What happens when we change the rule once again: Bring me basket B if you draw a King of Hearts and basket A if you draw any other card. Now the prior odds are 51-to-1 in favor of basket A. The data are the same again, and the Bayes factor is still 64. Now the posterior odds are 1-to-1.3 in favor of basket B. This means that the probability of basket A has been shrunk from 98% to 43% and the probability of basket B has grown from 2% to 57%. The evidence, and the Bayes factor, is exactly the same — but the conclusion is totally ambiguous. 

Screenshot 2015-11-01 01.53.35

Evidence vs. Conclusions

In each case I’ve considered, the evidence has been exactly the same: 6 draws, all white. As a corollary to the discussion above, if you try to come to conclusions based only on the Bayes factor then you are implicitly assuming prior odds of 1-to-1. I think this is unreasonable in most circumstances. When someone looks at a medium-to-large Bayes factor in a study claiming “sadness impairs color perception” (or some other ‘cute’ metaphor study published in Psych Science) and thinks, “I don’t buy this,” they are injecting their prior odds into the equation. Their implicit conclusion is: “My posterior odds for this study are not favorable.” This is the conclusion. The Bayes factor is not the conclusion.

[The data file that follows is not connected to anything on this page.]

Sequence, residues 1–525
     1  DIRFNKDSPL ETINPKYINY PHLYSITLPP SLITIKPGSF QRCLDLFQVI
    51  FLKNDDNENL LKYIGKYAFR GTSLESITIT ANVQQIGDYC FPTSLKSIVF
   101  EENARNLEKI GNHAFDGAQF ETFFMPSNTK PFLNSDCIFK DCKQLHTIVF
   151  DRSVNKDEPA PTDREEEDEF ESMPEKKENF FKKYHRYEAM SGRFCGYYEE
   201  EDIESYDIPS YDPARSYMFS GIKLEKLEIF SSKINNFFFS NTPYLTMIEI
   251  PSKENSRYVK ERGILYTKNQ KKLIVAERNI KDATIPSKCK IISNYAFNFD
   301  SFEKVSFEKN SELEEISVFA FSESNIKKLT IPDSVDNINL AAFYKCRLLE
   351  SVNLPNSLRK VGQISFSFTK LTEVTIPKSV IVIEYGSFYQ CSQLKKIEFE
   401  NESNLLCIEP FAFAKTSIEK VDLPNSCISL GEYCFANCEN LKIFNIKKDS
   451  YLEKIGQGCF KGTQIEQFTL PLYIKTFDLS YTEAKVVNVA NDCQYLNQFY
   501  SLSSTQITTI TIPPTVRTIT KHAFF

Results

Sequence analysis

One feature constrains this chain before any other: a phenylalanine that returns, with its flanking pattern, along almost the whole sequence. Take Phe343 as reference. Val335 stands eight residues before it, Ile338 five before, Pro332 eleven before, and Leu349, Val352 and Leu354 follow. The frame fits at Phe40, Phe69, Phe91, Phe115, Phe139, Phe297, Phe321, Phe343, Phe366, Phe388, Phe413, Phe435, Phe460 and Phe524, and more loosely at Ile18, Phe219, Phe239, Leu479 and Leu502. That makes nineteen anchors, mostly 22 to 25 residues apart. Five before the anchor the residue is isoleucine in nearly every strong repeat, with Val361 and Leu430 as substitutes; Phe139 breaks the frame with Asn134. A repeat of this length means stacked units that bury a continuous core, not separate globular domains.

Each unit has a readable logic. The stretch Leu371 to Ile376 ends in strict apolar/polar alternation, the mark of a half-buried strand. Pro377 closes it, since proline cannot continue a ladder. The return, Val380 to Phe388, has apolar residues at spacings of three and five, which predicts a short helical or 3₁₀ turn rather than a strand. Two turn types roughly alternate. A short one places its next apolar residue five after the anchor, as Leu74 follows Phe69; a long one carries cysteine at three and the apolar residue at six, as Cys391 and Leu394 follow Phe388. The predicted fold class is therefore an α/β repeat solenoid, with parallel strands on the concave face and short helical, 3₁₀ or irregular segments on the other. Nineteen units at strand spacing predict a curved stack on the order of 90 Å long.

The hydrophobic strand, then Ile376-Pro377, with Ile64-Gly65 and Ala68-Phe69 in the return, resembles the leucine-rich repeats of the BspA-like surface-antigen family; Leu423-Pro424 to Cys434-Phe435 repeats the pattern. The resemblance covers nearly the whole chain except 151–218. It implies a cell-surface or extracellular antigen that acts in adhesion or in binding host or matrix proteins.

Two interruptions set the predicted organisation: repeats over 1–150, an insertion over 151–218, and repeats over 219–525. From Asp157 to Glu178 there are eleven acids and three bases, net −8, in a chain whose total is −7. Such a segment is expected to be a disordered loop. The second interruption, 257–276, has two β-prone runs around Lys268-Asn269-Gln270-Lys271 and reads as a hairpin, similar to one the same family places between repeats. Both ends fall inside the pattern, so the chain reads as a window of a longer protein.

Many studies follow-up on earlier work, so we might give favorable prior odds; thus, when we see a Bayes factor of 5 or 10 we “buy what the study is selling,” so to speak. Or the study might be testing something totally new, so we might give unfavorable prior odds; thus, when we see a Bayes factor of 5 or 10 we remain skeptical. This is just another way of saying that we may reasonably require more evidence for extraordinary claims.

When to stop collecting data